Historically, especially in the Java world, build-once, deploy everywhere has been a very big thing for deployments. Artifacts should be built exactly one time when a release is made and stored somewhere like Nexus or Artifactory where they are immutable and can be deployed to all environments, repeatedly and safely.
GitLab flow, on the other hand, seems to recommend having a branch per environment and deploying to that environment as an event upon doing a merge request to the branch. E.g. a master -> staging merge runs CI/CD on the staging branch, resulting in a deployment there. Merging the staging to the production branch does the same in production (with the possibility of forcing a manual agreement to the run).
So, GitLab flow causes us to rebuild our artifacts for every environment rather than build once deploy everywhere.
Does this mean we should totally ditch build-once deploy-everywhere when moving to modern tools like GitLab/GitHub? Is that a good thing?
I guess we can augment GitLab flow by:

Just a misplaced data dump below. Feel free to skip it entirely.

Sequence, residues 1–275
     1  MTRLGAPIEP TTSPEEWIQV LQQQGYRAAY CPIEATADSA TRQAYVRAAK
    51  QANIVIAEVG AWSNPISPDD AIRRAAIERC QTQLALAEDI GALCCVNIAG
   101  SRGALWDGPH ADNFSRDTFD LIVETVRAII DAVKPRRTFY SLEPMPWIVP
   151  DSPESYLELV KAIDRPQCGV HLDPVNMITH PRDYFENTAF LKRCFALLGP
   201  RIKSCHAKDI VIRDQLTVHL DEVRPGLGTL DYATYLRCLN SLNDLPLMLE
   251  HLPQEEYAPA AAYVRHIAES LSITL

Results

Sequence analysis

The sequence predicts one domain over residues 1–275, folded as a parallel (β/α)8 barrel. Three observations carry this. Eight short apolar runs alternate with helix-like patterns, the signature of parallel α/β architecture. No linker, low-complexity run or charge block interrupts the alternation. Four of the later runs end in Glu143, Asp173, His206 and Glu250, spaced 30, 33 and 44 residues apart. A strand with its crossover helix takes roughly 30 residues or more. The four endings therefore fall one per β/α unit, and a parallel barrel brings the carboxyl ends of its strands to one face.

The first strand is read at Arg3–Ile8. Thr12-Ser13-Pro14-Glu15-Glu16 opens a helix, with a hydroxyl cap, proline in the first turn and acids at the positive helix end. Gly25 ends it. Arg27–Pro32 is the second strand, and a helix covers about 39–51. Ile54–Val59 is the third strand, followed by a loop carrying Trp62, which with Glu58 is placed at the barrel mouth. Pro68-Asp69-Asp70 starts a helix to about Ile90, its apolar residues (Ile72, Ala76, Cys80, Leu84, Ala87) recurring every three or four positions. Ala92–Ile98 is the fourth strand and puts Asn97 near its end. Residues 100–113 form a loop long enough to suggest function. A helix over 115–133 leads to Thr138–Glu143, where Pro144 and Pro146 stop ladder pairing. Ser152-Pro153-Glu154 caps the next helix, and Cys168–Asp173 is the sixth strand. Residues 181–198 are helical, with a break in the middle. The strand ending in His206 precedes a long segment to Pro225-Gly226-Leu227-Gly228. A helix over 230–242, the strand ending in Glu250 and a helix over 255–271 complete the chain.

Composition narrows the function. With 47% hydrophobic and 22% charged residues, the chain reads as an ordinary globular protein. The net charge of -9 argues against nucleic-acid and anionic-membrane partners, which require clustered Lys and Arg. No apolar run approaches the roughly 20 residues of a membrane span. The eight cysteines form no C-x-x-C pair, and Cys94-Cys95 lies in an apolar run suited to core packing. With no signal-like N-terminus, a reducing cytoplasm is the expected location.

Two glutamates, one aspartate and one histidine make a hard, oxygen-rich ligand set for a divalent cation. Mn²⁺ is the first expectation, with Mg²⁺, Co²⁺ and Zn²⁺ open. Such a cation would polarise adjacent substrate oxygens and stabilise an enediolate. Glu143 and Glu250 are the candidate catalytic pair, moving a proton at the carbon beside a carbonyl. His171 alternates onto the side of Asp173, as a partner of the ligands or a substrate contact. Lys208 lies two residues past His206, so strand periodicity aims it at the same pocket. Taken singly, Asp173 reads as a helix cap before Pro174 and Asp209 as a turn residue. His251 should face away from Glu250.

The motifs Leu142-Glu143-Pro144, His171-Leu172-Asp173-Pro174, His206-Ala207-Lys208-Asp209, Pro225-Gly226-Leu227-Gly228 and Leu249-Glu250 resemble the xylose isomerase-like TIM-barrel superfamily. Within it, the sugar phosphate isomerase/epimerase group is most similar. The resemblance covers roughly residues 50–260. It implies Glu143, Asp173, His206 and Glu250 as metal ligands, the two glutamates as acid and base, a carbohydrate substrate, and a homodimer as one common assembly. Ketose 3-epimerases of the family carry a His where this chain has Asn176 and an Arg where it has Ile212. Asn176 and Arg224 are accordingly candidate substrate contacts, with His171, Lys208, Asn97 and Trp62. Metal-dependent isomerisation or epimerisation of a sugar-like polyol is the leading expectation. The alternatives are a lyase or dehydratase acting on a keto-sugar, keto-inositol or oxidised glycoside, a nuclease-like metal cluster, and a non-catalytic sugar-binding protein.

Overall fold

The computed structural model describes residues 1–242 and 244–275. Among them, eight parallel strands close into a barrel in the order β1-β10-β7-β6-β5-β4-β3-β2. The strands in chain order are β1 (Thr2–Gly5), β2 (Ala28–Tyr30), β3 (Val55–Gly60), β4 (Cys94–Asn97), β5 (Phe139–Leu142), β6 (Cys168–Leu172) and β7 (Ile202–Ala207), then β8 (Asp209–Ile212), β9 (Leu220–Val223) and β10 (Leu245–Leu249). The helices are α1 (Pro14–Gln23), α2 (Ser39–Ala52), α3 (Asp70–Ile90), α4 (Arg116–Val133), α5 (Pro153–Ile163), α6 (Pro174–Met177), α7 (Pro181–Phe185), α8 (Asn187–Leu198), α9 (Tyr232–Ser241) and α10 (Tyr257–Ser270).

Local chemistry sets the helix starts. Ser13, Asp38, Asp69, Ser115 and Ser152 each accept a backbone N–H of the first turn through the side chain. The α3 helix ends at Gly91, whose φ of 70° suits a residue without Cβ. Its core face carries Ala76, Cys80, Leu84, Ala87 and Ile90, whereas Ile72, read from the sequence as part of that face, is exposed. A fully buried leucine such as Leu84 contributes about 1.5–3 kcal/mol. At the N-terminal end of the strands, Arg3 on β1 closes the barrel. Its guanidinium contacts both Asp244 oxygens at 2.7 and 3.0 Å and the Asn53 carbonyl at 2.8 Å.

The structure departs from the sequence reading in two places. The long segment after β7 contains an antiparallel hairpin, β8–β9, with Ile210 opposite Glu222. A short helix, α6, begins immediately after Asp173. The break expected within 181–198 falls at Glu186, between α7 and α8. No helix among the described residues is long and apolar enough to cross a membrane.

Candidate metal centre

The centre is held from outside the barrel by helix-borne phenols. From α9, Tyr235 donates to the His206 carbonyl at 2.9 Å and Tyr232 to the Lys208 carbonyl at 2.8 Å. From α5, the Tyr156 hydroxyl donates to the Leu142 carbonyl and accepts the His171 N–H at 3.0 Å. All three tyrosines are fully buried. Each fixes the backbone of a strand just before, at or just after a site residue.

- Build artifacts on merge into DEV branch and store in a maven/etc repo.
- Do deployment using those artifacts.
- Have merges to staging/prod skip build/test and only do deploy using the same artifacts.
This seems like forcing GitLab/etc to do something against their model though, so I'm thinking its not a good idea.
Note: I also am wondering how building/testing/deploying in every environment separately is possible in some large projects. E.g. Facebook's presto has like an hour of tests in a maven build (or more)... I wouldn't want my production release taking hours; that's the opposite of modern.
Any thoughts here?